No, memcached is not good for gaming or virtual machines.
Memcached is a daemon (a program that stays in the background and responds to requests) allowing application developers to easily implement memory storage that is shared between separate processes, especially in web applications.
Traditionally, web applications run every individual web request in a separate environment that is initialised at the start of the request and destroyed at the end, and/or in multiple separate processes that share no memory with each other. This allows no "objects" or other variables stored in memory to persist between separate requests. This is true, for example, of PHP.
Memcached is a process that web applications can connect to and use for storing persistent variables, values and objects in memory. The stored data can then persist between different web requests.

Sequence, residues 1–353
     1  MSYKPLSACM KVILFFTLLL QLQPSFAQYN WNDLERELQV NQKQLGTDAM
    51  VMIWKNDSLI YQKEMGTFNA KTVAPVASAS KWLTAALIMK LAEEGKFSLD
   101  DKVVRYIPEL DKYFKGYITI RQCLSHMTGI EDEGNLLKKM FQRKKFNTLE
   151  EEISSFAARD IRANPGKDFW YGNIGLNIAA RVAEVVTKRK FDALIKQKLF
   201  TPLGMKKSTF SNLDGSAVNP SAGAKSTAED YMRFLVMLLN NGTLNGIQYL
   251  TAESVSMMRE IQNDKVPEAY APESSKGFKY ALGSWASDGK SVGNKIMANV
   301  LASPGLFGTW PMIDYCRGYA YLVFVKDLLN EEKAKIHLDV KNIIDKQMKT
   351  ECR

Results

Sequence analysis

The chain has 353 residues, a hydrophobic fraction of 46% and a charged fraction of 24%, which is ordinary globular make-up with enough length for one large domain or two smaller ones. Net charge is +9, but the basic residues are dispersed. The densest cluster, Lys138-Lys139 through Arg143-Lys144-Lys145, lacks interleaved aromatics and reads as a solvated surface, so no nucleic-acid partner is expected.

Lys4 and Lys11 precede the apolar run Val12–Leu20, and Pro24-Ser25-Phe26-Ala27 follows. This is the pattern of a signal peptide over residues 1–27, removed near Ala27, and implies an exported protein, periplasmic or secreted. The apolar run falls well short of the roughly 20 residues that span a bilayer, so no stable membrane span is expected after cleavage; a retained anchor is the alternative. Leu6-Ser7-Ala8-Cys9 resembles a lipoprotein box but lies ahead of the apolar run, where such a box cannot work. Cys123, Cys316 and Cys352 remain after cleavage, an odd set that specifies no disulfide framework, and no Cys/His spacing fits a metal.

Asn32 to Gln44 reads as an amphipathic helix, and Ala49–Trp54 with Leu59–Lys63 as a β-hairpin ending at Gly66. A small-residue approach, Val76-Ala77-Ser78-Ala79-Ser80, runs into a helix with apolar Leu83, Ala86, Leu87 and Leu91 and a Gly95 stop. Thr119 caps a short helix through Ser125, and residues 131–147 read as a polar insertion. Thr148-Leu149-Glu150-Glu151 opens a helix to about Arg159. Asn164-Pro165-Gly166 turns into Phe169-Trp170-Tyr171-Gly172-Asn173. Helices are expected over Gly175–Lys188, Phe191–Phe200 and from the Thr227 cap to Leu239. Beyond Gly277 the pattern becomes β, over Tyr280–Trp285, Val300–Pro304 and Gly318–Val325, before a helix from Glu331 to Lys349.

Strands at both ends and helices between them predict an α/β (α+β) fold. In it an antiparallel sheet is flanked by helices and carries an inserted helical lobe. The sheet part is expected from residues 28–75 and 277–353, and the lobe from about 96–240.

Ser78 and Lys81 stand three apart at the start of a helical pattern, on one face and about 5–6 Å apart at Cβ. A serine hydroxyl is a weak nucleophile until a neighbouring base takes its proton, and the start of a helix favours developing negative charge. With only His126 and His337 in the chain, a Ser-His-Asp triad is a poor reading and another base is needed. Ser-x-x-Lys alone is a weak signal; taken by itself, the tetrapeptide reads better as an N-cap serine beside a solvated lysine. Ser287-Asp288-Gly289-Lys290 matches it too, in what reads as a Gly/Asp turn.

This is immensely useful when each web request needs data from a relatively slow storage mechanism such as a database server accessed over a network socket. Instead of each web request causing a new request to the database server, the application may choose to "cache" some of these requests in a memcached instance so that future requests can just access this.
Memcached also has advanced features allowing these shared memory objects to be distributed across multiple servers, and the like.
Memcached needs to be installed separately to the web server (eg Apache, nginx) and application server (eg PHP) for web applications that require it.